During the implementation of the plan, changes in the constitution of the working groups may occur, e.g. members may leave and others may arrive; but such mobility must not result in a change of all the group's members, since this would necessitate a resumption of training and learning and would adversely affect the work of document appraisal and classification.
3.2.2 Appraisal and classification techniques
After cleaning and refurbishment of the premises, the appraisal-classification operation of all the documents collected must be carried out. It should be stated beforehand that the aim is not to conduct a definitive appraisal or classification, for the following reasons:
- this operation is carried out by unqualified persons who are unable to perform it according to the techniques in use in this sphere and who, often, are not sufficiently familiar with the structures of the body in question;
- there are no standards (appraisal chart or conservation timetable) which would make a systematic appraisal possible, since such tools take a long time to become established, in addition to the need for sound experience of archives administration;
- a methodical classification would also require research and documentation on the specific tasks and forms of organization of the document-producing services.
Accordingly, this appraisal and classification operation aims at achieving the following:
- separate the files and archival documents, on the one hand, from library and documentation service documents, on the other;
- weed out the documents that are in an advanced state of deterioration for disposal;
- gather together the documents on the basis of the structures of a single ministry or government establishment;
- identify briefly the contents of the documents in the description units which are to contain many documents (files, boxes or even a group of boxes), at the same time proposing:
· destruction of documents which do not visibly contain information rendering them eligible for permanent conservation;
· permanent conservation for the remaining documents;
- store the documents properly in conditions conducive to the conservation.
We shall endeavour to develop the various points mentioned above. In many cases, the depots that housed the documents also served to store various kinds of objects such as discarded furniture, spare furniture, technical equipment, etc. The reorganization of those premises therefore consisted in ridding them of all items superfluous to the documents themselves.
The first appraisal, then, consists in separating archives from other documents. In fact, the government services which disencumber themselves of their documents do not distinguish between files and archive papers proper and other documentary material such as books, periodicals and reviews. Sometimes printed matter, unused envelopes and even other stationery are found mixed up with the documents.
Documentary materials other than archives may, in some cases, be channelled into the appropriate library or documentation units, whether in the body concerned or elsewhere. If they are of little interest, they will be disposed of through recycling or sold to second-hand booksellers, as appropriate. 'The gazette' in which governmental decrees are published may be given special treatment. If copies of this publication are numerous, annual collections can be constituted to be used by different branches of the same body. Special attention will be paid to what is customarily called 'grey literature' or 'administrative documentation', i.e. studies, surveys and other works produced by the civil service and distributed on a fairly limited scale.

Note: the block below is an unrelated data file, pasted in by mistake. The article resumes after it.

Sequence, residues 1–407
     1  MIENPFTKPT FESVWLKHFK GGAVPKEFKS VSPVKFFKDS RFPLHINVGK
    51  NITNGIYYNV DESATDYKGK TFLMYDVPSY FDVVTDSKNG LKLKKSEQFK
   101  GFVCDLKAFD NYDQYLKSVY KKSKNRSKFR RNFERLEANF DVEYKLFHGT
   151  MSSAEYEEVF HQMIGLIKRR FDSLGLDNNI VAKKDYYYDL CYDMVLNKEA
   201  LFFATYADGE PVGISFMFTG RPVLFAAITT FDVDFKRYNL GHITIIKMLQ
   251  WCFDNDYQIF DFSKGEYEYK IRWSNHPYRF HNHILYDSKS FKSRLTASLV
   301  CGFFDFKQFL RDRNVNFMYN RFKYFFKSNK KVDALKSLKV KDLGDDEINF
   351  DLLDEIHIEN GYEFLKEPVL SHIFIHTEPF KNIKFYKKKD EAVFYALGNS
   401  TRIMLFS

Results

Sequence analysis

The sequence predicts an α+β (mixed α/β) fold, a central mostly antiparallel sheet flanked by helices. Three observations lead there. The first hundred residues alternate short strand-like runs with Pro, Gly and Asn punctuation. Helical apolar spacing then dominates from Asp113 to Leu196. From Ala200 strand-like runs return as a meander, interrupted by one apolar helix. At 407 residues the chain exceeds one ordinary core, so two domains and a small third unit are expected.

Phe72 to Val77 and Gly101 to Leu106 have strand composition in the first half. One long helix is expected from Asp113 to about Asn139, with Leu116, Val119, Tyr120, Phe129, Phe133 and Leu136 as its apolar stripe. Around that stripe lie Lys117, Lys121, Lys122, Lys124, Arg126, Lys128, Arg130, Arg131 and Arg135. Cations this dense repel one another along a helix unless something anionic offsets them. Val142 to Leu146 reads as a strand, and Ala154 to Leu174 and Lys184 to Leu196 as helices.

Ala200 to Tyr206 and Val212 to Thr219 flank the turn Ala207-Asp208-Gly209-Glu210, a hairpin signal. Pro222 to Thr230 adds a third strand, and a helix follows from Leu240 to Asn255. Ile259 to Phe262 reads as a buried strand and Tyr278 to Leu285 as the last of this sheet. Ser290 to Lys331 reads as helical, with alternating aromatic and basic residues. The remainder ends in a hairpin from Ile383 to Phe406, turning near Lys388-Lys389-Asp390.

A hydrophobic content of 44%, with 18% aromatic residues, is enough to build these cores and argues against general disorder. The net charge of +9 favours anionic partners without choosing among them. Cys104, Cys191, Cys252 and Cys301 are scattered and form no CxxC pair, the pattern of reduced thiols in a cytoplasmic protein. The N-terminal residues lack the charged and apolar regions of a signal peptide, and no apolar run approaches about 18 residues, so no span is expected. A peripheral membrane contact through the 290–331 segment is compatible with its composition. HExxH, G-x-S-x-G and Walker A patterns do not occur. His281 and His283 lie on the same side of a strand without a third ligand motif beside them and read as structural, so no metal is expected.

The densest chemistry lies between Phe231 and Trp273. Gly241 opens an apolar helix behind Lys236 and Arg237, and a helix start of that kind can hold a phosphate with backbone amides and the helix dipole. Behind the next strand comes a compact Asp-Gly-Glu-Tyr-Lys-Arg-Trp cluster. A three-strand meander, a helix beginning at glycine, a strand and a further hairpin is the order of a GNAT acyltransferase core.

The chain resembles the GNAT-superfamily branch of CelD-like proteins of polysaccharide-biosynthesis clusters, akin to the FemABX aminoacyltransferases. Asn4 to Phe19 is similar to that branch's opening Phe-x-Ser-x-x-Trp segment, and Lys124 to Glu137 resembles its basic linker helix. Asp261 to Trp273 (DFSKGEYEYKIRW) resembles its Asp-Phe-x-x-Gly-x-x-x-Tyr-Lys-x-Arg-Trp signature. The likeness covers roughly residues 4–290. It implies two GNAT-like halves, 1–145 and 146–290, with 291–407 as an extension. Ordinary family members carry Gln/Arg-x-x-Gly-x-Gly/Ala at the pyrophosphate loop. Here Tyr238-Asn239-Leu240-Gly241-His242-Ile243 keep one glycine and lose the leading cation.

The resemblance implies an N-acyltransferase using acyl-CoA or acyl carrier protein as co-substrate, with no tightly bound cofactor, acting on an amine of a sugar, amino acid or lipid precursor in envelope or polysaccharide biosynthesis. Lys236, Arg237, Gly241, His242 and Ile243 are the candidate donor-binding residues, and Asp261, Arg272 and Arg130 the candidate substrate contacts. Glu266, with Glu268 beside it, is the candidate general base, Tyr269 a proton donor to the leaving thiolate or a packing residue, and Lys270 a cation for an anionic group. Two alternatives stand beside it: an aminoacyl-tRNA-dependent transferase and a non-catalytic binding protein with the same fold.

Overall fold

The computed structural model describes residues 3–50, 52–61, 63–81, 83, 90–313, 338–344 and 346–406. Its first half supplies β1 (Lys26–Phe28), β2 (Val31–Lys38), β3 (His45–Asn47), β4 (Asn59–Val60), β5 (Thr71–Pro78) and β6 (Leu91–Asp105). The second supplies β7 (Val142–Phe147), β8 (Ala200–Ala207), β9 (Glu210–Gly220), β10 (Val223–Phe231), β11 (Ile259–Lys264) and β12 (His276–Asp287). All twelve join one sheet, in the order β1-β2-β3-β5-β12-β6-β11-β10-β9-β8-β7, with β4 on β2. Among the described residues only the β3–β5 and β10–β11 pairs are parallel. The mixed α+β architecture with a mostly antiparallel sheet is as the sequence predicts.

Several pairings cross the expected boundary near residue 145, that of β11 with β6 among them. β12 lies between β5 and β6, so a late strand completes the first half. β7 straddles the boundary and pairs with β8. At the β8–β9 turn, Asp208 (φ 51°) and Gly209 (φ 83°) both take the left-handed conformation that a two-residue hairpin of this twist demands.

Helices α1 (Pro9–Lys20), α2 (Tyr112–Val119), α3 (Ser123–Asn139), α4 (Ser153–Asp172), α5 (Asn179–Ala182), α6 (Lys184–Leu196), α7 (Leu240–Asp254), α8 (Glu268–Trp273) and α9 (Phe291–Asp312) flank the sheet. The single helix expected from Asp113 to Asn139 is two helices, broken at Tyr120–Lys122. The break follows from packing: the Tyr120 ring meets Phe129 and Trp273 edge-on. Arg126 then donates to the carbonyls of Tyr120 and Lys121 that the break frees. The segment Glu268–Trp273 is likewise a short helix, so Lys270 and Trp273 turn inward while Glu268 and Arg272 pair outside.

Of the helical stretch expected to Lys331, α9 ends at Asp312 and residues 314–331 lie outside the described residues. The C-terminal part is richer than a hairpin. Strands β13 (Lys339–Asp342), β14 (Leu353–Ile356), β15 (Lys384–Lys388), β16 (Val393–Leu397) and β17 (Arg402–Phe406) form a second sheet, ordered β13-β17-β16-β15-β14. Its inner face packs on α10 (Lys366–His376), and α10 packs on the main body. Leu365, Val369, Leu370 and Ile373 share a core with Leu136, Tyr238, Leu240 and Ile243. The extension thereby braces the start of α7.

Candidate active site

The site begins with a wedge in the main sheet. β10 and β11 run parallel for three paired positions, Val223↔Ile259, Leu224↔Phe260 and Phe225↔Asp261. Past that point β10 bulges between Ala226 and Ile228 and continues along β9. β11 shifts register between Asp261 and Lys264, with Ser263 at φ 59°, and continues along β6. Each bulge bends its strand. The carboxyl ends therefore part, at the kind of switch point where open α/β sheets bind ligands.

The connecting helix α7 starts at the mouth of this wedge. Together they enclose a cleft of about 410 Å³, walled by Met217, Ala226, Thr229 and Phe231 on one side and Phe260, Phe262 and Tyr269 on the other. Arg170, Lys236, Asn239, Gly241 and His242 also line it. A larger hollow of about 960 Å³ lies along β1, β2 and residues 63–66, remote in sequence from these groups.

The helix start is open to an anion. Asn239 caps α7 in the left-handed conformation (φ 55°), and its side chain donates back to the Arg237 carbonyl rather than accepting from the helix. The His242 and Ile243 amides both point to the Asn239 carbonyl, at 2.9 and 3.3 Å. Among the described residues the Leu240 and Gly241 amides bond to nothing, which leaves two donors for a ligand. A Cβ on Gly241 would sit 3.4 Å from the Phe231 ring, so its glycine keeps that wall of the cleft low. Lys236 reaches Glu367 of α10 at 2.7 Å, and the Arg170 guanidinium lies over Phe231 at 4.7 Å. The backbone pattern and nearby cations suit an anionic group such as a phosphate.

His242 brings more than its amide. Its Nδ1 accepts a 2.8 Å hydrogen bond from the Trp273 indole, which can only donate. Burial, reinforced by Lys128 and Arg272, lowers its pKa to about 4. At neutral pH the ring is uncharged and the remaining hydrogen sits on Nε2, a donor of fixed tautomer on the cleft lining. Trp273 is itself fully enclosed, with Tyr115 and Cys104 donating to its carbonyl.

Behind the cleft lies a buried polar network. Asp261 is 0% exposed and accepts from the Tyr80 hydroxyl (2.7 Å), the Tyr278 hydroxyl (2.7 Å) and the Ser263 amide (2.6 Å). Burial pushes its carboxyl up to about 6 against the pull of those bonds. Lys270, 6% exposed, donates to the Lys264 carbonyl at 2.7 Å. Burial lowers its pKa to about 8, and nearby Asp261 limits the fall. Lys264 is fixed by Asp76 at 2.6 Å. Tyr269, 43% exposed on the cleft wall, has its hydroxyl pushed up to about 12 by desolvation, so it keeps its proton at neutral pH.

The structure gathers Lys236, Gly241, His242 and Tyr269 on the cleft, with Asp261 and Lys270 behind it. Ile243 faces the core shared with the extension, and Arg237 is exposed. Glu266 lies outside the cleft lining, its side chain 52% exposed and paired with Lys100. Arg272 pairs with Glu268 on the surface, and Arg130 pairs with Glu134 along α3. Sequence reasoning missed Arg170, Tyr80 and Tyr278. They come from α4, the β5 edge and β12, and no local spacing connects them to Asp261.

The first appraisal operation therefore consists in reconstituting sets of archival records. However, in view of the often anarchic way in which the documents have been deposited, it is not easy to lay hands immediately on the documents of a single department or structure. Hence the appraisal must be carried out according to the structures of a single ministry or government body, in accordance with the principle of source. Thus, by gathering together documents on this principle in all the premises where they have been stored, we shall be able to reconstitute archive groups.
This initial classification must precede any operation of document description or summary of records, since it is more convenient to produce a document description after an appraisal has been carried out on the basis of origin. The standardized lists prepared for the description of the documents according to origin are of two kinds: lists of documents for permanent conservation and lists of documents for disposal. The description operation therefore works in conjunction with an appraisal to classify the two categories of documents.
Appraisal and description of documents are the most sensitive archival operations. Since they will be carried out by relatively unqualified persons, any disposal of documents not authorized by the National Archives must be prohibited, so as to prevent the illicit destruction of certain documents. The description of the documents, whether they are proposed for permanent conservation or for disposal, is carried out at the level of each set of premises and separately for each service producing them. It is made up of the following components: